Blurry Lines: Product Placement and Celebrity Endorsement
by Shana Meganck — Virginia Commonwealth University
May 13, 2011 – 00:00
With the increasing popularity of celebrity-focused magazines and reality TV shows, it appears to be far more difficult to distinguish between what is product placement and what is celebrity endorsement. To quickly extricate the two, celebrity endorsement is defined as a testimonial or “endorsement” consisting of a written, spoken or visual identification. Product placement, on the other hand, is a form of advertising where branded goods or services are placed in a context usually devoid of ads. Typically, celebrity endorsement is understood as providing some sort of disclosure at the time the good or service is featured, whereas product placement does not. This line, however, becomes blurry when we flip through magazines and see celebrities holding branded coffee cups, using branded technology or wearing branded workout gear.
This combination of celebrity endorsement coupled with product placement is better known as celebrity product placement, and it is one of the oldest tricks in the book, which almost always works out perfectly for all parties involved – celebrities get money and brands get exposure. Where celebrities once constantly complained about the paparazzi invading their space, it now appears that more and more of them are jumping at the opportunity to expose themselves in the name of a brand.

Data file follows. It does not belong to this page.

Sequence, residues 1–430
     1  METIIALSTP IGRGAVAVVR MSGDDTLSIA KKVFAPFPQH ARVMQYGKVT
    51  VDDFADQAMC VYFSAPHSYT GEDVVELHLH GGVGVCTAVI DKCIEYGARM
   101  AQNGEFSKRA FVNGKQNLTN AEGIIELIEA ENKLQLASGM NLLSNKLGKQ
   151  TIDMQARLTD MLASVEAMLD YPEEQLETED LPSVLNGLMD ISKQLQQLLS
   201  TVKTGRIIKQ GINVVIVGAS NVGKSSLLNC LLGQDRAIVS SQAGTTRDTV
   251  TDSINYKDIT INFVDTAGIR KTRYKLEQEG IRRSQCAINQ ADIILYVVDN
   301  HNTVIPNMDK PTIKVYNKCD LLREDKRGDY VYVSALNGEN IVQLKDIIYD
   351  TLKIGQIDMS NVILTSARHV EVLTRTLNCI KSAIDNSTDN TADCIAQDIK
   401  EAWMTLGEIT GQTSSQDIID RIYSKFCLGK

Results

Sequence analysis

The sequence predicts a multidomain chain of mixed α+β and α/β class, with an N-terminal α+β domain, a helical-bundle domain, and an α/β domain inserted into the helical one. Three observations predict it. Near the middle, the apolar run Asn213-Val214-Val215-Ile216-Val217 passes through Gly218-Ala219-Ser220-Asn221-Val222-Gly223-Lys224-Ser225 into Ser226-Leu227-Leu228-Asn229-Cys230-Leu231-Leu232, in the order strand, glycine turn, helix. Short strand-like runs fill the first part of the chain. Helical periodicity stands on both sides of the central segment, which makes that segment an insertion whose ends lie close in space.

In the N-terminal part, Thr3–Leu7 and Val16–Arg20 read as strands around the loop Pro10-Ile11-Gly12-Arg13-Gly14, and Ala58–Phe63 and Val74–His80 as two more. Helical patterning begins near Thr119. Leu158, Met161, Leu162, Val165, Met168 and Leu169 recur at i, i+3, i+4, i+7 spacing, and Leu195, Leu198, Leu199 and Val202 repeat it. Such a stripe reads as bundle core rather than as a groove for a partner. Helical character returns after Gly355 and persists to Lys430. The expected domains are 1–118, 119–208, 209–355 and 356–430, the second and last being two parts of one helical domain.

So, my main question is, how do we know when this blatant advertising is paid for or when it is simply a celebrity using a product that they enjoy? And, why does it matter?
In our media-driven and celebrity-obsessed society, where we want everything that both of these things “tell” us we should have, we believe that it is possible to be closer to our favorite celebrities (who we have in some ways elevated to royalty status in our casteless society) if we simply drive the same car and wear the same clothes as them. This being the case, sad or not, don’t we at least deserve to know the difference between what our “role models” are being paid to support and what they are choosing to support?
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